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How to Make Salted Butter From Unsalted Butter

How to Make Salted Butter From Unsalted Butter (2022 Updated)

Last Updated on November 2, 2022 by Shari Mason

A recipe you badly want to make for dinner calls for salted butter. Unfortunately, you only have unsalted butter in your pantry. 

Now you’re doomed and thinking of plan B. Fret not. It’s not the end of the world. Here’s the good news. You can turn your unsalted butter into a salted one. 

But is adding salt to the butter enough? Let’s find out how to make salted butter from unsalted butter. Keep reading.

4 Steps to Make Salted Butter From Unsalted Butter 

1. Bring Unsalted Butter To Room Temperature

Unwrapping a butter

The first thing to do is to soften the butter. Take out your butter from the fridge. Let it cool at room temperature until it’s soft enough to blend.

Many people use multiple techniques to soften butter faster, like using a mixer and beating the butter.

Meanwhile, some people cut the butter into cubes, some use a grater, and others flatten the butter by pounding it into parchment paper. 

2. Add in Salt

Here comes the salt. Once the butter is soft, you can place it in a mixing bowl and add salt. For every 200g of butter, add 3g of salt.

But what type of salt should you use? A fine grain salt.

See the table reference below for more salt-to-butter measurements.

3. Mash It Together

butter in a bowl

You need a good mix to have smooth butter. To mix the salt evenly with the softened butter, stir it thoroughly.

After you mix it, do a taste test. You can add more salt as you need. But always mix it through and through every after you add salt.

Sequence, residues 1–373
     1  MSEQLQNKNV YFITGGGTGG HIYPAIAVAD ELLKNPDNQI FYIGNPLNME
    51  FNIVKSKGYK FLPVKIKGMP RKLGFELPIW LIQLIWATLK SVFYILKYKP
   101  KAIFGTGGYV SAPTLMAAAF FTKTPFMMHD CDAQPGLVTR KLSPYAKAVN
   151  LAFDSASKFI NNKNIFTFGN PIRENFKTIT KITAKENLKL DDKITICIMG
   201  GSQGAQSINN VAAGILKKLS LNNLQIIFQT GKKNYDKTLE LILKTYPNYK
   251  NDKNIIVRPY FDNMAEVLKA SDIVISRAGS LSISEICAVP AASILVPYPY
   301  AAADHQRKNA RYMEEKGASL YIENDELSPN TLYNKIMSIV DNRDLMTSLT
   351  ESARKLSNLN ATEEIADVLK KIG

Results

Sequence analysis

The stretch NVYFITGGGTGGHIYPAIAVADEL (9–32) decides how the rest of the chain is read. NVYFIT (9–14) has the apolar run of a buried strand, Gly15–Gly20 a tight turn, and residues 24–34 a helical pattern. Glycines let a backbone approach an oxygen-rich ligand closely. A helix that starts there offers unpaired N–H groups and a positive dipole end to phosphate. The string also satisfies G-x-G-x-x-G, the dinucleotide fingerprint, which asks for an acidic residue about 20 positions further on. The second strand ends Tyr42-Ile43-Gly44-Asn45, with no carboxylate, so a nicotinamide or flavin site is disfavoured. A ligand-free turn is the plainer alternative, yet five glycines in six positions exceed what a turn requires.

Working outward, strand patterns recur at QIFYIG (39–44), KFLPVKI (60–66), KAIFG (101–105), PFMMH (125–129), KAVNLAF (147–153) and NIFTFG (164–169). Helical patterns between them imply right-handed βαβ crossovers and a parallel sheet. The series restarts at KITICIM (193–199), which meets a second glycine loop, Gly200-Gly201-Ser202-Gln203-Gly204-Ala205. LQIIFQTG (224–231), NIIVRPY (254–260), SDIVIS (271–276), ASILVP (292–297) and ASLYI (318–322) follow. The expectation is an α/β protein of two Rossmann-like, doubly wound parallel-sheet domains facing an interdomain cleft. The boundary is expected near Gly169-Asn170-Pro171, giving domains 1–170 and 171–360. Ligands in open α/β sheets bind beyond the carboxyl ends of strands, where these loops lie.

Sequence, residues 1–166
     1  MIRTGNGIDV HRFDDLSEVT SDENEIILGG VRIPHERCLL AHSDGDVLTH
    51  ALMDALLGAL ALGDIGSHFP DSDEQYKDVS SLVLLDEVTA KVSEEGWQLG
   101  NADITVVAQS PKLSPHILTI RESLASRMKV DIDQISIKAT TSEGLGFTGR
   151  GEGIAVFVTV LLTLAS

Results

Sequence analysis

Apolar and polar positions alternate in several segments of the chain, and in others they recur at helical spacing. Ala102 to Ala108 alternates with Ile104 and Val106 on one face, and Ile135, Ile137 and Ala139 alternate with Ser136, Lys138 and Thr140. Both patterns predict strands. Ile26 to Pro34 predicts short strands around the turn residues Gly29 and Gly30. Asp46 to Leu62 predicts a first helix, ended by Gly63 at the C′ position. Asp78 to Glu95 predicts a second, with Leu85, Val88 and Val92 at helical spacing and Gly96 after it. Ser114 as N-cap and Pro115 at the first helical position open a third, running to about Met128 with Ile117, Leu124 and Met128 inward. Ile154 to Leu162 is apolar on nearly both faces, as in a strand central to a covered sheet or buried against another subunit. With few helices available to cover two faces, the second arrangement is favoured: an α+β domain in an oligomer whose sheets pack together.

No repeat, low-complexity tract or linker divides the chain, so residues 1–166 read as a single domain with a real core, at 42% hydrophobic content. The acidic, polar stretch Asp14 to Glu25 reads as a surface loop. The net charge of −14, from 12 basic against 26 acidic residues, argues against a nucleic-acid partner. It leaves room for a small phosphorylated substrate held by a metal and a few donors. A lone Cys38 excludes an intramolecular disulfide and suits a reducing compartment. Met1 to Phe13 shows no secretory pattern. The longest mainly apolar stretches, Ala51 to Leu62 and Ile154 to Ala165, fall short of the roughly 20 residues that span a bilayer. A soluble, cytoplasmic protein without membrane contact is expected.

4. Melt the Butter (Optional)

Since some people use a larger salt grain in their salted butter mixture, they melt the butter with the salt to ensure that it is incorporated well.

We all want smooth butter, not a crunchy one. So, you can opt to melt it, mix it again, then set it in the fridge.

However, make sure that you won’t forget your melted butter mixture. Oversoftened butter does solidify when chilled, but it doesn’t usually go back to its natural butter component.

How Much Salt to Add

Butter Salt
25 grams0.375 grams
50 grams0.75 grams
100 grams1.5 grams
150 grams2.25 grams
200 grams3 grams
250 grams3.75 grams

Can You Use Any Type of Salt In Unsalted Butter? 

salt in a green bowl

Yes, you can use any salt in unsalted butter, but it is recommended to use fine-grain salt. Fine salt, like table salt, dissolves faster. 

Using larger crystals like kosher salt or sea salt are also good. However, it might affect the texture of the butter, and you might have crunchy salted butter instead.

But if you’re up for some salty crunch in your butter, you can try and use any larger crystal salt you prefer.

Rule of Thumb When Making Salted Butter 

Add ¼ teaspoon salt to the unsalted butter for every half cup or one stick of salted butter. The amount and measurement can either make the recipe or ruin it. 

It is essential to have the right amount to make it better tasting. When it comes to salted, unsalted butter, less is more. The less salt in your butter, the more salt you’ll add to the dish.

FAQs 

Is salted butter just butter with salt?

Yes, salted butter is butter added with salt. Unsalted butter is all cream in its purest form, while salted butter has some salt added to the cream. But the amount of salt varies from one brand to another.

Why is butter salted?

Butter is salted to add flavor and make it saltier. Also, salt acts as a preservative. It contains sodium which prolongs the shelf life of foods like butter. [1] That’s why salted butter has a longer lifespan in the fridge.

Final Thoughts 

You can turn your unsalted butter into a salted one in just a few minutes. Just add salt to the softened butter and blend it well.

You can use any salt you like, but finer grains dissolve faster. But if you prefer a crunchy experience, use a larger crystal-like sea salt.

Sometimes improvising could end up with a better result. Now your dinner recipe is saved. 

Reference:

  1. https://www.ncbi.nlm.nih.gov/books/NBK50952/ 
Shari Mason

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